• Spunk’s Not Dead (Ammo Content) DVD Review



    Released by: Ammo Content
    Released on: March 15th, 2019.
    Director: Zach Carter, Jeremy Garner, Bryan Hiltner, Steven K. Jackley, Christopher Jayawardena
    Cast: Quinn Allan, Alyssa Fozmark, Erin Hagen, Johnny Buell
    Year: 1994
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    Spunk’s Not Dead – Movie Review:

    John Oak (Mick LaFlamme) is the host of a web show entitled Actual Factual Truths. He uses this platform to bring attention to conspiracy theories that he believes that public needs to be aware of. When he learns the supposed truth behind a drug called spunk, one that turns its users into violent maniacs, he takes to the web to issue a warning and in doing so, we bear witness to a half-dozen stories, each related to the drug (and each helmed by a different director).

    The Devil's Spunk (directed by Zach Carter): The biggest sports star in town decides to hedge his bets by taking a "performance enhancing drug" – this turns out to be a horrible idea. Good thing that Reverend Redmund is around.

    The Babysitter (directed by Jeremy Garner): Heather (Tara Marie Kirk) takes a night time babysitting gig that quickly goes very, very wrong once spunk is brought into the equation and The Crowman (Hunter O'Guinn) gets involved.

    Spunk Of The Reaper (directed by Bryan Hiltner): Billy (Jeffrey Janoff) is a junkie who, rather foolishly, gets talked into entering a home where he comes face to face with his own mortality.

    Xombie (directed by Steven K. Jackley): Kathy (Nicole Resner) host a sleepover with a few of her friends. It’s all just fine until an uninvited guest arrives, complete with a new strain of spunk that might be even more deadly than the original version.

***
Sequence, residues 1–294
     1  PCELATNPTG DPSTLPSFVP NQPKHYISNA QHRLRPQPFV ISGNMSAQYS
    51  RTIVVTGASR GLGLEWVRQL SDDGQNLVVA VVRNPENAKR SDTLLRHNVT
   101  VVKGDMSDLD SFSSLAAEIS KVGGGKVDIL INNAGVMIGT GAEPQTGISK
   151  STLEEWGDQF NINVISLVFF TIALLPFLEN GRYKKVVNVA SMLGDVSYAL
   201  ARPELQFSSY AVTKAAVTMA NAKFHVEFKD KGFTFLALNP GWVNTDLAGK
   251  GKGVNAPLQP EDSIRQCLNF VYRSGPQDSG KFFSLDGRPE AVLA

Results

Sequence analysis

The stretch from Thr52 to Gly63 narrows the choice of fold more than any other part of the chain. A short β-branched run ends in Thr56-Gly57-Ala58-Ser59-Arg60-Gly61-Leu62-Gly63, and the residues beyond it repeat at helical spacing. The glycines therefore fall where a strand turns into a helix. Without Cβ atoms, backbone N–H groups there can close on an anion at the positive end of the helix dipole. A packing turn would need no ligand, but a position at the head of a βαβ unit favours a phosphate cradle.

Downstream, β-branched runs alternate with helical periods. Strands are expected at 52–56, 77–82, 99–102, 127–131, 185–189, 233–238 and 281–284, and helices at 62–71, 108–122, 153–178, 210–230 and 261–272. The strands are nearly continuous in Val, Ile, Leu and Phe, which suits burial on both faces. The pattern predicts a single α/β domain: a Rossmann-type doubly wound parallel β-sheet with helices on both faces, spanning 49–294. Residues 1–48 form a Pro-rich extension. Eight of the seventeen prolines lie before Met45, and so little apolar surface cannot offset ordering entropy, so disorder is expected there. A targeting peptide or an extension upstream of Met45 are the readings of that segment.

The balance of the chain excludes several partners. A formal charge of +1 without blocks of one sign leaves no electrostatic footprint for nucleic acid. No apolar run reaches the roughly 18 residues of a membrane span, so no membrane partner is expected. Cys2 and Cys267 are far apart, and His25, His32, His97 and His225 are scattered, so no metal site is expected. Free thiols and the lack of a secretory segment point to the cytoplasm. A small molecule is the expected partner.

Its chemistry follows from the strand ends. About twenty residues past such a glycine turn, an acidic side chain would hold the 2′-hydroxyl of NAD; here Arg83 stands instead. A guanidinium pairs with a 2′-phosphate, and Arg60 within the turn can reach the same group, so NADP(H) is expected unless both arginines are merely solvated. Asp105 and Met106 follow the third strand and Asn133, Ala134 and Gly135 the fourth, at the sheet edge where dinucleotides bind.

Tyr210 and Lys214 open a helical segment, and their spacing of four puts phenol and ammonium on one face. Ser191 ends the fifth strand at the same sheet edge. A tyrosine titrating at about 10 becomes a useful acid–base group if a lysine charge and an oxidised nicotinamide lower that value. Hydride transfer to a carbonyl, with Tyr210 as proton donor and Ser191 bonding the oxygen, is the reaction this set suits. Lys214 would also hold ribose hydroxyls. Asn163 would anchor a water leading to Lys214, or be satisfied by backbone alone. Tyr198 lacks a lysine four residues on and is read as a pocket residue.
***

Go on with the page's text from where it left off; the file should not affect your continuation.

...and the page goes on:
High Score (directed by Christopher Jayawardena): A man struggling with drug addiction must choose to live in his own real-world reality or the reality that exists only in the video games he enjoys while high on spunk.

    Spunky Shines (directed by Calvin Morié McCarthy): A spunk addict with a taste for human flesh named Elijah discovers first hand that he needs to be more careful when choosing his would-be victims.

    Shot in and around Portland, Oregon, Spunk’s Not Dead is a scrappy little indie genre picture that mixes up horror and comedy in fairly equal doses. These shorts were clearly made on a modest budget but the six filmmakers responsible for the finished product do a very nice job of telling their respective stories. There are some pretty solid gore and makeup effects present in the picture and there’s a lot of creativity on display. The acting isn’t always perfect – this was shot entirely independently – but it’s sometimes pretty solid and never less than okay. LaFlamme in particular does a great job as the Alex Jones style host and the movie is savvy enough to interject his commentary in between segments, which ties it all together rather well. As the stories progress, his character becomes more and more manic and it’s fun to watch him inhabit the character the way that he does here.

    Spunk’s Not Dead – DVD Review:

    Spunk’s Not Dead arrives on DVD framed at 1.78.1 anamorphic widescreen and this looks fine. Again, the low budget can shine through at times, but that’s a feature, not a bug. Detail is pretty decent given the film’s origins, colors look fine and the standard definition presentation would seem entirely true to source. No problems here.

    The only audio option for the feature is an English language Dolby Digital 5.1 Surround Sound track. Channel separation isn’t always a constant, the mix is more front heavy, but it sounds fine. The levels are balanced and there are no problems with any hiss or distortion. There are no alternate language or subtitle options offered.

    Extras are limited to three-minutes’ of deleted scenes, a two-minute Reaper “PSA,” a trailer for the feature, menus and chapter selection.

    Spunk’s Not Dead – The Final Word:

    Spunk’s Not Dead is a very entertaining, low budget mix of humor and horror that offers six very different takes on a recurring theme. Some of the stories work better than others, which is always the case with anthology pictures, but each of the six shorts is unique, creative and worth checking out.